You have numerous quotes from women in rock. What's one of your favorites?

My very, very favorite is the Patti Smith quote ["I wasn't born to be a spectator"] that opens the book. That's really what the book is about. I lucked out in that I came up in a punk-rock scene that was about participation and inclusion. There was some hierarchy as there is with any scene, but I was expected to participate. You don't just come to shows and hold your boyfriend's leather jacket while he's in the pit. Not every girl comes up in scenes like that. I meet some girls who are a little older and they tell me "guys will jam with me but won't let me join their bands." And because they don't have girlfriends that love music as much they do, they're forced to become solo artists at the tender age of 16. I was really lucky in that when I was 16, people at the record store would tell me, "We just got this Bikini Kill cassette in and you need to hear this." It was incredibly encouraging.

In the book's introduction, you say that "Stairway to Heaven" isn't the best rock song ever and isn't even the best Zeppelin song. Care to justify that statement?

Uh, yeah. That song is sooooo boring. I grew up with the boring, epic side of Led Zeppelin. I was getting it from the stoners and not the rockers. "Stairway to Heaven" has its moments, but I'll take "Ramble On" or "Black Dog" or "When the Levee Breaks." "Bonzo's Montreux" is better than that. I will take the "Bonzo's having his way with the drums" song before "Stairway to Heaven." I also hate the Doors. I never got it. I think Jim Morrison is so boring, and the lyrics are terrible. Everything that's wrong with rock 'n' roll is wrapped up in the Doors and their legacy.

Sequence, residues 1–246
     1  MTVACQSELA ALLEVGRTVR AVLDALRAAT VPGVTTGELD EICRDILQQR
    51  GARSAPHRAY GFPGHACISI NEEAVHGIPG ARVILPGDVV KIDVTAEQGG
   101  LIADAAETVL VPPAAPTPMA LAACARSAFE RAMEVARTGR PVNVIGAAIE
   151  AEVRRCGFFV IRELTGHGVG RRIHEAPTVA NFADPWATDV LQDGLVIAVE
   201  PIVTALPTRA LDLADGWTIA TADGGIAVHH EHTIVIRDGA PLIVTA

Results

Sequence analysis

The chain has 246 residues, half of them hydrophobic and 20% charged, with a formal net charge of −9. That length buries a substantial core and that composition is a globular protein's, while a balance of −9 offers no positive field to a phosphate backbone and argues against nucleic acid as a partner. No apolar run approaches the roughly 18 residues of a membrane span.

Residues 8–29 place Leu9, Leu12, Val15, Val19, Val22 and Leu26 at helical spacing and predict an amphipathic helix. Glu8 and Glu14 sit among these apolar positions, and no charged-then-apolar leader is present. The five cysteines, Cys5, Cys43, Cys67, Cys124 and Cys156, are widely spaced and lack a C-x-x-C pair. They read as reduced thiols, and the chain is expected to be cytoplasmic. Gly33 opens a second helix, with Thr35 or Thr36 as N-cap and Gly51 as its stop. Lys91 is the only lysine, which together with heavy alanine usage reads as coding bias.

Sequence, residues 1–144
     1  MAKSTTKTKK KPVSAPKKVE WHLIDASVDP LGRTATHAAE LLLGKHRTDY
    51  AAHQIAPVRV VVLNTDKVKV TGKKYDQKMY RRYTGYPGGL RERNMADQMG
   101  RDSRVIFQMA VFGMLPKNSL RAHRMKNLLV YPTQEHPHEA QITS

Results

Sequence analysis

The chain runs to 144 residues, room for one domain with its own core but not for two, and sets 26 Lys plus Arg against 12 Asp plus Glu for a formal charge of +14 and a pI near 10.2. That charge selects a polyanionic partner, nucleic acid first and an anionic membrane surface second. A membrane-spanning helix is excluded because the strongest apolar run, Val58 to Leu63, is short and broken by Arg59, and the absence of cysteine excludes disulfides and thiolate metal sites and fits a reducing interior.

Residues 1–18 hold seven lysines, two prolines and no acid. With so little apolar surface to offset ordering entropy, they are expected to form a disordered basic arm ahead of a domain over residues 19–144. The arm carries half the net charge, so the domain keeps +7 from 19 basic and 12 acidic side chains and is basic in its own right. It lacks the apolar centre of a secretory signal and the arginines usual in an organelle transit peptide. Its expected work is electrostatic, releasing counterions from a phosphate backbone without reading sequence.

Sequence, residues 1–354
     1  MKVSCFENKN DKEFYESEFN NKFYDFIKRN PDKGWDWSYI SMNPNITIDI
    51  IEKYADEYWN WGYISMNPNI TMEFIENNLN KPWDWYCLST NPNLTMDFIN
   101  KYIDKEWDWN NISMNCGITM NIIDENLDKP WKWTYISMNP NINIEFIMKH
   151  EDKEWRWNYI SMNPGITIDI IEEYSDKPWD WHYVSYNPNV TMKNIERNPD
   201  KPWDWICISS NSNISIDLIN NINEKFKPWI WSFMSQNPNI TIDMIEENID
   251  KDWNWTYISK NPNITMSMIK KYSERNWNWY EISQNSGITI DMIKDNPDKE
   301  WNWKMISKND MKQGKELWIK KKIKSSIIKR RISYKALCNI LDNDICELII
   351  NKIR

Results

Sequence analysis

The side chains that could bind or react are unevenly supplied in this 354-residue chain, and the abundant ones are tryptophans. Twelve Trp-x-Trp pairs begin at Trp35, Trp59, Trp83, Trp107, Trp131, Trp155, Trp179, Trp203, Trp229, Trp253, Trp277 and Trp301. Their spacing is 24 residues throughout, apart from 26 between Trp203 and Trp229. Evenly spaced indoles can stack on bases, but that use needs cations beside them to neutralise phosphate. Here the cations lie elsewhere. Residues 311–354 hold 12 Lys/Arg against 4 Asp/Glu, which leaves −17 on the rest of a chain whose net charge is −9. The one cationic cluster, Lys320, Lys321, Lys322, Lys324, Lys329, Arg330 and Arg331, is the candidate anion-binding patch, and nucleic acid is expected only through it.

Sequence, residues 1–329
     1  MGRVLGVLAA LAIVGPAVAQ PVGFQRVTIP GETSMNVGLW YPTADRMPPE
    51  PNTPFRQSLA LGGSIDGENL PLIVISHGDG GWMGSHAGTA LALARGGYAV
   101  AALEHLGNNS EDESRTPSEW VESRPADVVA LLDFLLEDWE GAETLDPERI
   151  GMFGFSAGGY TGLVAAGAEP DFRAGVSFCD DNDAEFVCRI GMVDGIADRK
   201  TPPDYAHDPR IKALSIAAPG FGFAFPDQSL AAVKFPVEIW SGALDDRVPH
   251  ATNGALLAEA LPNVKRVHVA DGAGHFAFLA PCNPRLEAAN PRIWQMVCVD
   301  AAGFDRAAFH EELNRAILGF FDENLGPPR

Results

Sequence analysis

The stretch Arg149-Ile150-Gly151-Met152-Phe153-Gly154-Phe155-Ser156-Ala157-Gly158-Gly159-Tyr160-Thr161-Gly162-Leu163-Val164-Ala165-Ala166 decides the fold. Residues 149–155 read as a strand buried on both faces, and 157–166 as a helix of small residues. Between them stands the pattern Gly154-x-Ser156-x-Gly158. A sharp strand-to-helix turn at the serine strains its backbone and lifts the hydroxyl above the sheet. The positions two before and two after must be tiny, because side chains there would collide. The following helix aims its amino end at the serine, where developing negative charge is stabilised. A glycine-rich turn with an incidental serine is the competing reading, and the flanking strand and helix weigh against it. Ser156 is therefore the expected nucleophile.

Since taking the book on tour, what's the best response you've gotten?

Oh my gosh, the sheer pleasure of meeting girls after readings. It's hard not to cry sometimes. On the last tour, Minneapolis was amazing. The audience was mostly girls under the age of 14. It's usually an all-punk audience and five kids. This was 20-plus girls — they all get in line and want their picture with me, which makes me feel like the coolest. I usually have a tiny chit-chat too. This girl comes up and says, "My name is Bani and I can play almost an entire Jonas Brothers song on my guitar" and shoved the book in front of me. I was like, "You-confident-nine-year-old-who- loves-the-Jonas-Brothers. You are great." I make no judgments about what they play.

You don't think Miley Cyrus has set everything back?

No. A lot of girls don't like her anymore because they think she's a skank. While she looks like one thing to us as adults, she looks like another thing if you're 11. Demi Lovato is taking over, and all the girls know that she plays guitar. She wrote one song on her album, and that makes her more authentic. Same thing with Taylor Swift. She can totally play guitar, and that's so meaningful to them. They just look at Miley as another pop star. She doesn't mean the same thing as Taylor Swift, Demi Lovato and Hayley from Paramore, who are all rockin' chicks.